16/07/2013 12:47 pm
Message values the weak and vulnerable as “masterpieces of God’s creation”
In a special message to Catholics across Britain and Ireland for the annual Day for Life, Pope Francis has emphasised the need to care for life from conception to natural end.
In his message, he says that all life has inestimable value ‘even the weakest and most vulnerable, the sick, the old, the unborn and the poor, are masterpieces of God’s creation, made in his own image, destined to live for ever, and deserving of the utmost reverence and respect’.
He has promised his prayers that ‘Day for Life will help to ensure that human life always receives the protection that it is due.‘
Over half-a-million leaflets have been sent to parishes in England and Wales in readiness for Day for Life – Sunday, 28 July.
The theme of the Day is ‘Care for Life – It’s Worth It’ taken from a homily preached by Cardinal Bergoglio in 2005 during a Mass in honour of the protector of Pregnant Women, Saint Raymond Nonnatus.
Within this homily, the now Pope Francis said:
“All of us must care for life, cherish life, with tenderness, warmth…to give life is to open (our) heart, and to care for life is to (give oneself) in tenderness and warmth for others, to have concern in my heart for others.
“Caring for life from the beginning to the end. What a simple thing, what a beautiful thing… So, go forth and don’t be discouraged. Care for life. It’s worth it.”
This year’s Day for Life focuses on care for unborn children and their mothers; care for people who are elderly and care for those who are suicidal and their families.
One of its key aims is to build an environment of compassion and care that nurtures and sustains life, even in the most challenging of human events and personal circumstances.
Day for Life is celebrated annually by the Catholic Church in Ireland, Scotland and England and Wales. The proceeds of the Day for Life collection to be held in parishes in England and Wales assist the work of the Anscombe Bioethics Centre and other life related activities supported by the Church.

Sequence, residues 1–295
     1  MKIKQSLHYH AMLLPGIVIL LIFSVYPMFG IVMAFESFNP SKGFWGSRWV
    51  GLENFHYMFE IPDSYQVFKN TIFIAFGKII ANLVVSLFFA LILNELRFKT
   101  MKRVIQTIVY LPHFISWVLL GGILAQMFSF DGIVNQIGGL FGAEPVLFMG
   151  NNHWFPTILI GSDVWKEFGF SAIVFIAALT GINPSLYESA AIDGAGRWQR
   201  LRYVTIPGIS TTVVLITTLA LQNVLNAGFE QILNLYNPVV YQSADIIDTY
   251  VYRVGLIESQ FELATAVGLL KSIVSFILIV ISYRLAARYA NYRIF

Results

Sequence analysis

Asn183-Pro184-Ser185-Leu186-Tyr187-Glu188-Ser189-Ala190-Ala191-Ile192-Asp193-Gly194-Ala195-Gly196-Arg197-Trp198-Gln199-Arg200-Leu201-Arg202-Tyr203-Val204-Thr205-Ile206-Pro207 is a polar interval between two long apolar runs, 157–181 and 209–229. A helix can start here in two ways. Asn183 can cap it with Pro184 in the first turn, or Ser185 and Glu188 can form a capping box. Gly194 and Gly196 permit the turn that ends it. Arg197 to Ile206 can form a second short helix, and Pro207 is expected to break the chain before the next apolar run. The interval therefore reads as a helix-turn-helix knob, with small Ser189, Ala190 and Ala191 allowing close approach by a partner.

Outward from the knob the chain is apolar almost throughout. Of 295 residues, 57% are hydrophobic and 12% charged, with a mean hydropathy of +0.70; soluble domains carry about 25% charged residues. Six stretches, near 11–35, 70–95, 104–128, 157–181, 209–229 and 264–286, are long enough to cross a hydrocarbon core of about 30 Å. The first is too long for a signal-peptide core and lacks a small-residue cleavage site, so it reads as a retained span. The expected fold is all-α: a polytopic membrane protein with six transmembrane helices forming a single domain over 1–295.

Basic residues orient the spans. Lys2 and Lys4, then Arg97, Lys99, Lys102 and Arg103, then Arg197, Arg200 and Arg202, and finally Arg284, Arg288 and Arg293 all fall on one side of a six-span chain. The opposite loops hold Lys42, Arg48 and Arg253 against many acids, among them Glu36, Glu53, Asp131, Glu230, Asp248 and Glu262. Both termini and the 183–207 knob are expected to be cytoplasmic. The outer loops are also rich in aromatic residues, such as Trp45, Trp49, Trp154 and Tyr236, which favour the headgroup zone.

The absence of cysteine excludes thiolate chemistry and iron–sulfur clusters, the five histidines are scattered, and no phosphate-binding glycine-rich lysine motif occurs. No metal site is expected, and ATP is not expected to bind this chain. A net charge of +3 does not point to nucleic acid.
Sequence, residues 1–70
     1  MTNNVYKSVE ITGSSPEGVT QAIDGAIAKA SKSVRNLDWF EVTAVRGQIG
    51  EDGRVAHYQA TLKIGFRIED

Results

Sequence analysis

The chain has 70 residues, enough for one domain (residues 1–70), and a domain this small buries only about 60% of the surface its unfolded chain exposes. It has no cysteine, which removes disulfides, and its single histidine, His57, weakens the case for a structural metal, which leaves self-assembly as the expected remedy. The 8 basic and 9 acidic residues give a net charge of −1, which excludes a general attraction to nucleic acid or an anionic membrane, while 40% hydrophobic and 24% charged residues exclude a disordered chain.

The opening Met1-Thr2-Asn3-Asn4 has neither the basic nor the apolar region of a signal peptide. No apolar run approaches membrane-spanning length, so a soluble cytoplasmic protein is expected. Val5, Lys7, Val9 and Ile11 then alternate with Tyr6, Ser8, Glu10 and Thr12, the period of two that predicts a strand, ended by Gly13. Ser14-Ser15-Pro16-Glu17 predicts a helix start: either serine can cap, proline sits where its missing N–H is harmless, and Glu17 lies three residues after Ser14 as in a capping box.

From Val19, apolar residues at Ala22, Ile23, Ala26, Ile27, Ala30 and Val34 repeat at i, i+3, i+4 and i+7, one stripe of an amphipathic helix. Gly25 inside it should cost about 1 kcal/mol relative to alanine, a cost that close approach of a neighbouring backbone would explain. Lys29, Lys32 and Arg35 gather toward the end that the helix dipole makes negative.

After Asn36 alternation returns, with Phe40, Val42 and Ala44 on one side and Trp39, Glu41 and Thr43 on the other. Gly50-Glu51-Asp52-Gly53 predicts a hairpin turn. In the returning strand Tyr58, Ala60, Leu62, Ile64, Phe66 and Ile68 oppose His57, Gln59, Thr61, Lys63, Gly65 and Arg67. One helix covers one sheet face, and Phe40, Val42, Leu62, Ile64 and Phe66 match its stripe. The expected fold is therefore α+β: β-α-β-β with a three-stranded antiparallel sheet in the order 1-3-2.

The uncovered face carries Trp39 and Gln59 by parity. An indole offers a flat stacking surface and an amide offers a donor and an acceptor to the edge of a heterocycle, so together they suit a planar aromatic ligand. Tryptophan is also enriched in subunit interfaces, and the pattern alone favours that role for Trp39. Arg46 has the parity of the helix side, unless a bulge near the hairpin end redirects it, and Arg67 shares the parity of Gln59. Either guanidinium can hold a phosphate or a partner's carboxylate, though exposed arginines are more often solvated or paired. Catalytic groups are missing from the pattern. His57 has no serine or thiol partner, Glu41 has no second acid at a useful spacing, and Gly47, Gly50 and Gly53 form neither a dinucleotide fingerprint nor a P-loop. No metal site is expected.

Message from Pope Francis to Catholics in Ireland, Scotland, England and Wales
“Calling to mind the teaching of Saint Irenaeus that the glory of God is seen in a living human being, the Holy Father encourages all of you to let the light of that glory shine so brightly that everyone may come to recognise the inestimable value of all human life.
Even the weakest and most vulnerable, the sick, the old, the unborn and the poor, are masterpieces of God’s creation, made in his own image, destined to live for ever, and deserving of the utmost reverence and respect.
His Holiness prays that the Day for Life will help to ensure that human life always receives the protection that is its due, so that ‘everything that breathes may praise the Lord” (Psalm 150:6).’
What a pity that Pope Francis couldn’t have roused himself to send a pro-life message to Irish Catholics BEFORE the abortion legislation was passed. Too little too late, Your Holiness.
My poor Ireland… yes, I agree with the other commentator. Perhaps it would have been better if it had been a little sooner. But, at least he is trying.
Well, what about parish priests, in Ireland, England, or wherever, who never, ever preach sermons on the evils of abortion? Are they not more responsible for the blasé attitudes of their congregations, who hear their sermons every Sunday morning, than is the Pope, whose homilies they never hear and whose writings they never read? Same goes for breast beating about same sex ‘marriage’. When was the last time we’ve heard sermons denouncing it? Like, never?
That’s a fair point, John Henry, but the Pope’s words are in fact quite widely reported on TV and in the papers whenever he says anything “controversial” — e. g. any criticism of abortion or homosexuality. So the faithful would be well aware of any papal pronouncements on these issues. If the Pope were to give a strong lead, I am sure that priests would follow him, for the most part. But if the Pope remains silent, he gives them no encouragement at all to raise their heads above the parapet.